A Matter of Death and Life

By Paul Koch


When we hear the word “church” we probably have several images running through our heads.  We may think of the body of Christ or a family of believers.  We may think of particular brothers and sisters in Christ.  You might think of a special pastor that impacted your life in some way.  You may have bad memories as well, disappointments along your journey that you associate with the word “church.”  But I think all of us in some way or another think of a place, a brick and mortar building, something concrete, somewhere that we gather – that is the church.  When we tell our friends and family that we are going to church we are thinking of an actual place.

It is a place full of traditions and deeply held confessions.  It is a place that stands for something; it is a seemingly immovable fortress against the winds and waves of our constantly shifting culture.  The vestments which are worn, the liturgy we use, the hymns we sing, they all add to our image of what church is.  But if we get too focused on the permanence of the place, on its traditions and appearance, I fear we might lose the organic reality of the church.  For the church is a living thing – after all it is made up of you, of those called by the gospel of our Lord, those who have received his gifts.  This means the church is never a stale or stagnate thing, it is full of people, men women and children all trying to figure this thing out, trying to understand the work and Words of our Lord.


Today we have an incredible text to examine, Numbers 21:4-9, it is a text that gets right to the heart of our understanding this thing we call “church.”  The text finds the people of God continuing on their wilderness wanderings, moving ever closer to the day they would finally enter the Promised Land.  We catch up with them as the leave Mount Hor and head south toward the Red Sea.  And we watch them through just 6 short verses as they move from indifference or even distrust of the Word of God to an absolute reliance on his promise.  So how does this great change happen?  What accounts for such a dramatic turn?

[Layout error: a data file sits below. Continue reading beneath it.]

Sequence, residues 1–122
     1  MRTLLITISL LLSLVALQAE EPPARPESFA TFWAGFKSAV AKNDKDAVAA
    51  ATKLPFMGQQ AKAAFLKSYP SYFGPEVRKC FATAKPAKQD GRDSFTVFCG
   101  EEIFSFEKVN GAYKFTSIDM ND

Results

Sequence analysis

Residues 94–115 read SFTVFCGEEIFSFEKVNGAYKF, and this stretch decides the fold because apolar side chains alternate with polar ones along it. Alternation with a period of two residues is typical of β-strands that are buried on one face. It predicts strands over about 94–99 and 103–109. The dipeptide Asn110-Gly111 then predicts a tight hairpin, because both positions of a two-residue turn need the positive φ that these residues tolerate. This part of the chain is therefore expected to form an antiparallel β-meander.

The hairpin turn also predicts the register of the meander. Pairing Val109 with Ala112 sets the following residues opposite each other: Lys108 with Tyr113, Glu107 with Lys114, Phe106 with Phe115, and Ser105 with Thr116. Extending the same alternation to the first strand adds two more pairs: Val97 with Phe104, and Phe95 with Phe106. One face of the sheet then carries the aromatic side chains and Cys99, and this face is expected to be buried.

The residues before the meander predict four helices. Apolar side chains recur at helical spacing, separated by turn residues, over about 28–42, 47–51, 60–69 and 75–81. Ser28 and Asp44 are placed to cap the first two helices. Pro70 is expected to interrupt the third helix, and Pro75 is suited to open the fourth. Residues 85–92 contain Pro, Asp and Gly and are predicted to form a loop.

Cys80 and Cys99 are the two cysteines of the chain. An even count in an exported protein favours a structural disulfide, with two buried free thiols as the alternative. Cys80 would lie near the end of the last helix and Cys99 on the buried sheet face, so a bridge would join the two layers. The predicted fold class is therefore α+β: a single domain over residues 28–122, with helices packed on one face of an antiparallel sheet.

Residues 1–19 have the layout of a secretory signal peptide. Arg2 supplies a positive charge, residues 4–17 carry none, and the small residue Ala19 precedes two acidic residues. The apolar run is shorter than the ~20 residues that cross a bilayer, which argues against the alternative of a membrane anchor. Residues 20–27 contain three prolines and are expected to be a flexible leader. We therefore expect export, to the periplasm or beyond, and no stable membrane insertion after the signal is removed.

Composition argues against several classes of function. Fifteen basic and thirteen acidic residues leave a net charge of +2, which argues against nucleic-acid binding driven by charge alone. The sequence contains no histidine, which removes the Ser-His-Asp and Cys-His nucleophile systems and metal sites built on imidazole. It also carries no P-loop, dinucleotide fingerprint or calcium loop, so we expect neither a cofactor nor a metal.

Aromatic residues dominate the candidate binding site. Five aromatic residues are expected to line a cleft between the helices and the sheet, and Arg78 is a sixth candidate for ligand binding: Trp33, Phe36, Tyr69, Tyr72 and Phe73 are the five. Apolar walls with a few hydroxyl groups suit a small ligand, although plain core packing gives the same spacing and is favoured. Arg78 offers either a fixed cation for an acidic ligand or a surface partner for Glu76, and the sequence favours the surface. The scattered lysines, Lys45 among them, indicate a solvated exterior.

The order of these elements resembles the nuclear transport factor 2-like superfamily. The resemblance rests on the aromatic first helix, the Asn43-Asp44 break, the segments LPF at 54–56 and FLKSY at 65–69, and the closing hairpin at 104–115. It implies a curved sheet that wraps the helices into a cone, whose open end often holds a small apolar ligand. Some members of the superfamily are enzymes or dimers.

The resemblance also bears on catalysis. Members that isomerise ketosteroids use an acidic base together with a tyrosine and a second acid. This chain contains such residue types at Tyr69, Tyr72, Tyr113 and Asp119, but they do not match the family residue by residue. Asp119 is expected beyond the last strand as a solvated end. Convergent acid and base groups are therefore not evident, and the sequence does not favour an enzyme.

Well, these are a people without a home, without a land to call their own.  Oh, they have a promise of a land but their forefathers messed up their immediate taking of it, so now they wander in the wilderness.  Throughout their journey they have been taught over and again about the decrees and commands of God.  They have had to trust in him for their survival.  But their journey has been marked with doubts and second guessing the wisdom of God. And that is certainly the case in our text.  They wonder now about their survival, they tire from a weary life on wandering, they long for permanence and stability.  So they begin to raise their voices against God and Moses and declare, “Why have you brought us up out of Egypt to die in the wilderness?  For there is no food and no water, and we loathe this worthless food.”  Apparently things are so bleak that they actually begin to pine for their days of slavery, for at least there they had consistency and predictability.


Here’s the thing; God, as it turns out, will not tolerate such a blatant indifference.  The lukewarm he spits out of his mouth.  He will not allow this fickle spirit to permeate his chosen people.  So what will he do to these whiners and complainers, who praise him when he leads them through the Red Sea on dry ground but grow impatient when they wander in the wilderness?  What he does is shocking.  I had a professor at the seminary who always said to us, “Brothers, God doesn’t do fractions.”  That was his way of reminding us of the completion of God’s activity.  And certainly there are no half measures in our text, for in response to their complaining God kills them.